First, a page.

The historic New Orleans marker is situated beside Cafe du Monde. If you appreciate seeing the actual marker than you'll like the location. Would I plan my whole trip around it? No...but it is neat to see.
Personally I think the life that passes by it is more interesting but nothing like the past and present right in front of your eyes simultaneoulsy.
The French Quarter's most fashionable boulevard throughout much of its past and an absolute must for lovers of history and architecture. Royal runs the length of the Quarter on the other side of the Cathedral from Jackson Square; here, you will find a virtually unbroken string of well-preserved Creole buildings dating to the early 1800's.
The French Quarter (or Vieux Carré, as it's sometimes called) was the city's original focal point and remains its chief tourist draw. It houses nearly all New Orleans' signature tourist icons, and Bourbon Street alone, with its stormy nightlife and naughty sex shows, defines the city's bawdy character. Whether you're a teetotaler or a dipso, a walking tour of the Quarter is a must.
What surprises most newcomers is that despite the name, the Quarter is noted for its Spanish, not French, architecture. With the exception of the Old Ursuline Convent - the oldest building in New Orleans, dating from 1745 - the district's French-designed buildings were destroyed by the tremendous fires of 1788 and 1794. The distinctly Spanish character that emerged in the rebuilt city is seen today in its broad window openings, crowned by graceful arches, and handsome fan-shaped transoms. Lacy ironwork railings on galleries overhanging the street are particularly emblematic.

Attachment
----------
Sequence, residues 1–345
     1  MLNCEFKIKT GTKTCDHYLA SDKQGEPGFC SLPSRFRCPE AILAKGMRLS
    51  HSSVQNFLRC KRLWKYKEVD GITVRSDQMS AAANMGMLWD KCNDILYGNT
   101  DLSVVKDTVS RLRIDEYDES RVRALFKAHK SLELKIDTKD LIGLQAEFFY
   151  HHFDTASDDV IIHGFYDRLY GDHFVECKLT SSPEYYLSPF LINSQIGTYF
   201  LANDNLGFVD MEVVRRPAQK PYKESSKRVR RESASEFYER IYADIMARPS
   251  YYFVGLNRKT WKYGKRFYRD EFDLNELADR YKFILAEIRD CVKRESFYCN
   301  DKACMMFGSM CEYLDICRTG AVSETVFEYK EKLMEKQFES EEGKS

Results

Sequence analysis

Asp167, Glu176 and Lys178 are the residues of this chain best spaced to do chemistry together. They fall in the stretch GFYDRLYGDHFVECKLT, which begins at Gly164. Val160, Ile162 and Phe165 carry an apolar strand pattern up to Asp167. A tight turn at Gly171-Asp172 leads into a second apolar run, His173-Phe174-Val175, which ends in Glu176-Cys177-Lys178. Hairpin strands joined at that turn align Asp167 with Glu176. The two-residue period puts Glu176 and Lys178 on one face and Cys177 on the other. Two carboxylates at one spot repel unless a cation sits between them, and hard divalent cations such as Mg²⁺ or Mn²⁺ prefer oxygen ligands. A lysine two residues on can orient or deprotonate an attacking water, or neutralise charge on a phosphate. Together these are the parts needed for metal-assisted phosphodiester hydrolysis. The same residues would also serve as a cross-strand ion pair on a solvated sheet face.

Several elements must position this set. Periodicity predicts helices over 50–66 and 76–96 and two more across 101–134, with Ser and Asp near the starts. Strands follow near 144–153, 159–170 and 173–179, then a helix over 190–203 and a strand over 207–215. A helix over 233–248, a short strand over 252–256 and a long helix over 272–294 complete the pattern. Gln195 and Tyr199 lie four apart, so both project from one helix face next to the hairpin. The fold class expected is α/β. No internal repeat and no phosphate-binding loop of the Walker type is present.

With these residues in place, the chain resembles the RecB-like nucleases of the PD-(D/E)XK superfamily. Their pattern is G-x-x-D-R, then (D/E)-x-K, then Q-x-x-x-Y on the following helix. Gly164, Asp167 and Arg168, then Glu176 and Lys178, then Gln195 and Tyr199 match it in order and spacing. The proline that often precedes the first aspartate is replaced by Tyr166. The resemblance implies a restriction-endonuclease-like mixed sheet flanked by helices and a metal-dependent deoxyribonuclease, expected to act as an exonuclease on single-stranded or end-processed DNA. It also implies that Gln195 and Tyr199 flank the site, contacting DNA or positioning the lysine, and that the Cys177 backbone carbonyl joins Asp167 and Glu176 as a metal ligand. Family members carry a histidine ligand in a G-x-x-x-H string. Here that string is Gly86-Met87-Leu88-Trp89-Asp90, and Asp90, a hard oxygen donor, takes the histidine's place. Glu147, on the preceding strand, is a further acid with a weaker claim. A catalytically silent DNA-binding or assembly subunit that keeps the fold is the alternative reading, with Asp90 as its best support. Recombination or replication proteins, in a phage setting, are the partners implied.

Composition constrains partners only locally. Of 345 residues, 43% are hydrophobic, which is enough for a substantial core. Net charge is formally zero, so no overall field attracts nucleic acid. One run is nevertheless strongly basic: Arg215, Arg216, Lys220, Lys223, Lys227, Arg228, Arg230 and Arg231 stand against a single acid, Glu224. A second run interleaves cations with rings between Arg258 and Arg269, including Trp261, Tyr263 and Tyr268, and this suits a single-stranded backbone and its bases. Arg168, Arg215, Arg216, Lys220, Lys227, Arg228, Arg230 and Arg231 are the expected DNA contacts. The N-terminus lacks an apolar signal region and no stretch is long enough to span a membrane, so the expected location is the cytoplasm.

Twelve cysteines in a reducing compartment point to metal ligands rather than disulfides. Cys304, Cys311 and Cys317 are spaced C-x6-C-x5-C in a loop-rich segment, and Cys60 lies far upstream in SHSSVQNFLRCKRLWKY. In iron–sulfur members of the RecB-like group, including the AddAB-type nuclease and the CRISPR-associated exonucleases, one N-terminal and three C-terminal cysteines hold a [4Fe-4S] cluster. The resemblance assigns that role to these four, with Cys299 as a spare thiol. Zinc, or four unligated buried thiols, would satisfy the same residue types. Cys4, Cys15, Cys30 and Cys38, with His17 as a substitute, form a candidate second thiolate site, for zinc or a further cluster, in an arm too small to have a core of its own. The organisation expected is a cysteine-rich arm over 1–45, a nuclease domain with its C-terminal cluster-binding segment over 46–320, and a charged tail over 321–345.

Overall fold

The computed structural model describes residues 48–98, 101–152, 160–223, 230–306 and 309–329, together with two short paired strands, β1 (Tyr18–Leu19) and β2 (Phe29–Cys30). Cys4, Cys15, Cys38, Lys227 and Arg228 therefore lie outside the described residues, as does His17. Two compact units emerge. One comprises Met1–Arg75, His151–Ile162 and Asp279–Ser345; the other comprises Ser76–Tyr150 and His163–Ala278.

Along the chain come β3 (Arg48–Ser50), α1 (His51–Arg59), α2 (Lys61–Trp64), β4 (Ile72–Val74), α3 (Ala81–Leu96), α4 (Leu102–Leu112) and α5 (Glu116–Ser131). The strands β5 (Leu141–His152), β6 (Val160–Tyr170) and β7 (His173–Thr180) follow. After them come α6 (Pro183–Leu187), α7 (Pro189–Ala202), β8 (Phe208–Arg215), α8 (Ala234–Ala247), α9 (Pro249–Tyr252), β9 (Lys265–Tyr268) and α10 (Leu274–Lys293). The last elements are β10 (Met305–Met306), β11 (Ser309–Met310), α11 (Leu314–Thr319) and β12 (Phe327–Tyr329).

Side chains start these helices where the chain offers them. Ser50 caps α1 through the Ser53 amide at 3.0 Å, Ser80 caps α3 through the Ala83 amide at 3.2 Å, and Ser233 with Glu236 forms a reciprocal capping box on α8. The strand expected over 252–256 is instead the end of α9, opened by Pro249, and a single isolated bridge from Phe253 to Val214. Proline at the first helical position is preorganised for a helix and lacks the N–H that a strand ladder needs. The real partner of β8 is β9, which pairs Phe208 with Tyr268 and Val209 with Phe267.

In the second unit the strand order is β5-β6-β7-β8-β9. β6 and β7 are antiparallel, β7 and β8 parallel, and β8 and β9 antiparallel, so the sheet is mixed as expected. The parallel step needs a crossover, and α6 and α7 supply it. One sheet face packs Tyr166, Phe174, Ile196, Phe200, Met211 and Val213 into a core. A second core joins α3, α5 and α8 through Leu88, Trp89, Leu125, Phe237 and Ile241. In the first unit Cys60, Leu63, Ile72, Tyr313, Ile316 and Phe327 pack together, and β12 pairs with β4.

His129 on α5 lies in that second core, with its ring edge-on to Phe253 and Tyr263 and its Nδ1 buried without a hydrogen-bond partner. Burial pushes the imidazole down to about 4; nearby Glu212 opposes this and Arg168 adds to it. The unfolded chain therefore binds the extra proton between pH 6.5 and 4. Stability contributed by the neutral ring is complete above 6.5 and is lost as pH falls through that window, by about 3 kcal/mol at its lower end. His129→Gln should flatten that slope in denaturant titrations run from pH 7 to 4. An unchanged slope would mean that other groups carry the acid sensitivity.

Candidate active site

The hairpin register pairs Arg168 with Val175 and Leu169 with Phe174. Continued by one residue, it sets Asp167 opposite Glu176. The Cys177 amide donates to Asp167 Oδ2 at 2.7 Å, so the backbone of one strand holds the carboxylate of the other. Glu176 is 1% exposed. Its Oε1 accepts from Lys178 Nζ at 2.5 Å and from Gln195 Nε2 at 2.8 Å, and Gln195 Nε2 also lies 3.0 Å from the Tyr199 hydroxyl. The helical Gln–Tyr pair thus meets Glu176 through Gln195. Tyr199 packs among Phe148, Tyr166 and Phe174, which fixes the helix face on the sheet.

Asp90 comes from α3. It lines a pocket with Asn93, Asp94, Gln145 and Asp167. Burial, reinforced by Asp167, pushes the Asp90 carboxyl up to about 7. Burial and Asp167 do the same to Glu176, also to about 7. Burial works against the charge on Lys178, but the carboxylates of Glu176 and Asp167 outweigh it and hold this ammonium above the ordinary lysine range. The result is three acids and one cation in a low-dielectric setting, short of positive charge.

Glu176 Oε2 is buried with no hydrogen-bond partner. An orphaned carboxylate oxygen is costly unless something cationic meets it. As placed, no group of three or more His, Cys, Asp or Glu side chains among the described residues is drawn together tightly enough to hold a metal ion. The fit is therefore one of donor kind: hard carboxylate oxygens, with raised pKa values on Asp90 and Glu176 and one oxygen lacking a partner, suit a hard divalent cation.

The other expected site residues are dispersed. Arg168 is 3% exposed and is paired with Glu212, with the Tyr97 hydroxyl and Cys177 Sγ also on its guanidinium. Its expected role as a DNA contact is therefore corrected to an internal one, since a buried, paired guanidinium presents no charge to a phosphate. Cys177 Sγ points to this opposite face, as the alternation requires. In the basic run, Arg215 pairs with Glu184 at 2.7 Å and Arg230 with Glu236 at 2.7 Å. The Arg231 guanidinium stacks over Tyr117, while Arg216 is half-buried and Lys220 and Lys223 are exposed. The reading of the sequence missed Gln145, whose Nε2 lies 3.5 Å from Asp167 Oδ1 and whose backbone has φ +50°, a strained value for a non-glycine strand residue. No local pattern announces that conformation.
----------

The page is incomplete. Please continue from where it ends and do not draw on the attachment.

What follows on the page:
Royal Street, the 'Main Street' of the French Quarter, is the postcard image of the neighborhood: its cast-iron galleries and Greek Revival buildings make camera shutters click like locusts in heat. Jackson Square remains the central and most important starting point for visitors to the Quarter, with its nebulous assortment of street musicians, artists, fortune tellers and mimes doing their shtick on the sidewalk. On adjacent Chartres St, two notable history museums are the Cabildo and the Presbytère, the former emphasizing the external impact of New Orleans, the latter concentrating on its internal history.
Even if you wouldn't give a nickel to see where the coins used to come from, the Old US Mint's Mardi Gras Museum exhibits on New Orleans Carnival history should get your attention. Upstairs, the memorabilia comprising the Mint's New Orleans Jazz Exhibit imparts a clear sense of how jazz evolved - from its roots in the rhythms brought by African slaves to recent Jazz Fest performances.
Just inside the entrance to St Louis Cemetery No 1 sits the most visited gravesite in all of New Orleans, the purported resting place of voodoo queen Marie Laveau; you'll recognize it as the unkempt tomb covered with the chalkmarked X's of devotees. If you want the city's history in a nutshell, the National Park Service's free 'History of New Orleans' tour departs from their visitor center on N Peters St.